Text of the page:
Mahle South America has two distribution centers: one in the city of Limeira in São Paulo state, and one in Buenos Aires in Argentina. The technology center, located in Jundiaí, São Paulo, is the largest and best-equipped in Latin America for the development of autoparts and solution packages for internal combustion engines. Moraes adds: “The center allows us to add value to and surpass our clients’ expectations, in a customized and efficient manner and to develop innovative new product technologies and processes.”

The products made in Brazil and Argentina are sold in both these countries and exported to the United States, Mexico and Europe. The diverse client portfolio includes the world’s largest vehicle manufacturers; Volkswagen, Audi, John Deere, Toyota and Ford, among others.

Mahle Metal Leve SA has annual revenue of $1.2 billion. “Our global technology makes a strong impact on the market. We are the only company in Brazil who can make all this possible – vehicle manufacturers who trust in us abroad don’t think twice before working with us in Brazil,” Moraes says.

Re-Investment
The incorporation of the companies has accounted for a considerable amount of Mahle’s investment over the last few years. In 2010 the acquisition of the rings division cost approximately $409 million.

Mahle has also increased its holding in the Behr Group (autoparts) to 51 percent. An agreement has been reached between family shareholders enabling the full integration of Behr’s Thermal Management unit. The transaction adds Behr Brasil to the South American division, broadening the product range.

Improving its service and meeting the growing demands of customers is the focus of Mahle’s investment. Moraes describes re-investment as a constant. Annually, between 5 and 5.5 percent of sales is spent on developing products and opportunities. The breakdown of spending reveals that 60 percent is directed at processes and products, 15 percent on automation and the remaining 25 percent is shared between areas like quality control, infrastructure and software.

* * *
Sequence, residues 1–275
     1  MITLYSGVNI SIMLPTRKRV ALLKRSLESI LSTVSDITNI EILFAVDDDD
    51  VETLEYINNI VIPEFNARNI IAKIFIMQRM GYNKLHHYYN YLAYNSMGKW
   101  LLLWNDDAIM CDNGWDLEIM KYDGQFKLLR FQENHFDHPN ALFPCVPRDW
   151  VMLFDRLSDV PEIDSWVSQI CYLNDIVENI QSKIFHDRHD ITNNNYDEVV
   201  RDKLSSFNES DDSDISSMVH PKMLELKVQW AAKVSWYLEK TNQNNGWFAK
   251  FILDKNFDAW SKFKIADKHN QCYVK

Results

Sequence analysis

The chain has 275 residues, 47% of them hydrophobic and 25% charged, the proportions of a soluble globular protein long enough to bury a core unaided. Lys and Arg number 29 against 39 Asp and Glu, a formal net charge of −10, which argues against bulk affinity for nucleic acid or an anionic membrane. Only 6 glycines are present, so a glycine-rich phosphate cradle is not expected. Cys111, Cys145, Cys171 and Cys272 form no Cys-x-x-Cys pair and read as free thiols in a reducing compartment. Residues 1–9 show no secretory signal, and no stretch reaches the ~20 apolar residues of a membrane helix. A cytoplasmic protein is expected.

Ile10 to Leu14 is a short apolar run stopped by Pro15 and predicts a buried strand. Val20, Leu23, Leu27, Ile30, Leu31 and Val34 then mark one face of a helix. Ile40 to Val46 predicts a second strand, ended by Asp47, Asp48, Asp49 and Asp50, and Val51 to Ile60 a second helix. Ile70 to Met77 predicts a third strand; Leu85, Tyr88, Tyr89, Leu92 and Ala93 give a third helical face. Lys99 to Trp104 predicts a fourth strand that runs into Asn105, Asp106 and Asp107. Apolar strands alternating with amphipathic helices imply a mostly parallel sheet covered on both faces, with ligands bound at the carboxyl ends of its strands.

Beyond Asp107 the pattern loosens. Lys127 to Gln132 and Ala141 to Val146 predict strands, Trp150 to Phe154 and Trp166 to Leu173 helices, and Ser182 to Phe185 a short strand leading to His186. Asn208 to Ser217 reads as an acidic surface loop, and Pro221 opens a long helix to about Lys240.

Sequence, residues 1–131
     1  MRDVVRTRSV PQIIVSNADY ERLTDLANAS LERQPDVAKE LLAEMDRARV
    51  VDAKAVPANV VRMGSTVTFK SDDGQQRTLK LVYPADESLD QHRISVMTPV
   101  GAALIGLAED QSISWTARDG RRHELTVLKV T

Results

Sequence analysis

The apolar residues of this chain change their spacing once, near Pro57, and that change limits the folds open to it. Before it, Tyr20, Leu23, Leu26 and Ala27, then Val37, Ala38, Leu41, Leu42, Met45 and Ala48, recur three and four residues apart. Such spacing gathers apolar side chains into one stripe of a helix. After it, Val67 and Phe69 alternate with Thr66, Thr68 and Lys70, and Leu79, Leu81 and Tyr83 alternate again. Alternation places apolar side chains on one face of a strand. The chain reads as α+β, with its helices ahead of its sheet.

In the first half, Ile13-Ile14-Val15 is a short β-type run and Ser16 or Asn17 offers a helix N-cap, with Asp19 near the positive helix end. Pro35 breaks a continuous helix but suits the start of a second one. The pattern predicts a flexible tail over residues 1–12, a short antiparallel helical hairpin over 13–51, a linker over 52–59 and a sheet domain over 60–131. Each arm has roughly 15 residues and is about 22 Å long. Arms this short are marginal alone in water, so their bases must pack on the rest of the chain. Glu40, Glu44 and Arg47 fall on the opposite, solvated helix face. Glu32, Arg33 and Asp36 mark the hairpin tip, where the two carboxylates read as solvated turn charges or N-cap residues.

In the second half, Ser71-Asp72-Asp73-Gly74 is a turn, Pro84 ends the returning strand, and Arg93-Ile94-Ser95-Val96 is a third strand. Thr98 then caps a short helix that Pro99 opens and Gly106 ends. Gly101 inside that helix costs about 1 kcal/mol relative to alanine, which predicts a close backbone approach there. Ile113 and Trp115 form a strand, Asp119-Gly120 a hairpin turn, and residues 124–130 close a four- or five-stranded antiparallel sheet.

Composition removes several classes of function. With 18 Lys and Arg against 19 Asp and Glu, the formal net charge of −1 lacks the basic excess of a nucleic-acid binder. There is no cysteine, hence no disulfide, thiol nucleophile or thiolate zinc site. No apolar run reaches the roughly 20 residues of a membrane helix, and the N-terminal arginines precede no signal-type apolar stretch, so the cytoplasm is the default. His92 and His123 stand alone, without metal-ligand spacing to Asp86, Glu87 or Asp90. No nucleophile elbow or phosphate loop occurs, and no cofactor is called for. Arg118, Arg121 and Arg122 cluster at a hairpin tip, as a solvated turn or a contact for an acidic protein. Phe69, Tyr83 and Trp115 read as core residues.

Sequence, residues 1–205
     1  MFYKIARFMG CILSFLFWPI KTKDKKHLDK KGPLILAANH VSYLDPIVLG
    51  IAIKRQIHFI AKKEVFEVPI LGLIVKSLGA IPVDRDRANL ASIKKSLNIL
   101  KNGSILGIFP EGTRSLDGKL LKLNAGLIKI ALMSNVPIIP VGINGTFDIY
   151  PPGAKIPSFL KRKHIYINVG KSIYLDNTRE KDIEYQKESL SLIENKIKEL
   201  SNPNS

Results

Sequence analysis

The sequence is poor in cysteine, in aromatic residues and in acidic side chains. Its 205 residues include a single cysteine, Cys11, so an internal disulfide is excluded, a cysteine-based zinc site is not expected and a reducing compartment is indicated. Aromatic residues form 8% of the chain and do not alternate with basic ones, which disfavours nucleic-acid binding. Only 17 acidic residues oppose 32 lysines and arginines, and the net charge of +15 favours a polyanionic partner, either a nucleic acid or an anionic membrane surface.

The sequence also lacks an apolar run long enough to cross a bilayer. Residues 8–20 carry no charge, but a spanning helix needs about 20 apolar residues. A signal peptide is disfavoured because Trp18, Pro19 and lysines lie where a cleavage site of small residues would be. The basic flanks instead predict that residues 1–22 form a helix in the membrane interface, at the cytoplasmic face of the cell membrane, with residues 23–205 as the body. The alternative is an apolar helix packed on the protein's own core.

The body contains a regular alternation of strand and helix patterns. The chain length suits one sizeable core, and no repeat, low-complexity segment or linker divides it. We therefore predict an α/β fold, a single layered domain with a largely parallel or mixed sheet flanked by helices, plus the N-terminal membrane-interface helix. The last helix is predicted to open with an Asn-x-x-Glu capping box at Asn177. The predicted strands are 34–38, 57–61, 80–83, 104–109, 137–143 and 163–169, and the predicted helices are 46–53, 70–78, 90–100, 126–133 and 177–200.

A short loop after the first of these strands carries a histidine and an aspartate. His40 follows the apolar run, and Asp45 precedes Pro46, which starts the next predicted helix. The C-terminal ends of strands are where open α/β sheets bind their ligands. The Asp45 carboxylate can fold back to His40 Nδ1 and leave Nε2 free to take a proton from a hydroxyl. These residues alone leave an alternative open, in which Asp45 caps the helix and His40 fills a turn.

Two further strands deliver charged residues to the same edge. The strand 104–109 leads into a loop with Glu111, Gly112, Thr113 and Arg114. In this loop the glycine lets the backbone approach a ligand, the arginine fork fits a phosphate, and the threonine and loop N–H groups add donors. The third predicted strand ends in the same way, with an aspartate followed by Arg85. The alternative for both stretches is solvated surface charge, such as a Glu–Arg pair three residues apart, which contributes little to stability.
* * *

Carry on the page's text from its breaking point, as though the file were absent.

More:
“Our clients mostly request adaptations of parts, rather than design from scratch. We combine the latest technology to produce components with higher productivity, lower emissions and better performance, which mean improved profits,” Moraes says.

As a multinational company, Mahle has the advantage of extensive access to global technology. “Brazil is in a crucial moment: cars are evolving fast and we have access to the technology the market needs,” Moraes adds.

Despite the strong advantages, Mahle’s favorable position has been achieved through focus on incorporation of the Group’s companies and not aggressive marketing. “In all of our market regions, we are either the leader or joint market leader,” Moraes affirms.

It is leadership that has become synonymous with Mahle worldwide. On beginning operations in Brazil, Volkswagen, Toyota and Fiat are just some of the companies that extended international agreements to South America. The global structure supports sales and reduces costs.

Moving forward, the road ahead is promising. A recent depreciation in the value of the Brazilian real has favored exports and despite high taxation in Brazil, labor remains comparatively cheap considering other markets.

The Brazilian government is also financing incentives to encourage the development of vehicle technology in the race to bring Brazilian-produced cars up to international standards. Raw materials are accessible and affordable and Mahle Metal Leve is extremely competitive.

Mahle has the tools, technology and solutions and specifically in Brazil, the opportunity to continue to grow and revolutionize the market.

Volume:
16
Issue:
10
Year:
2013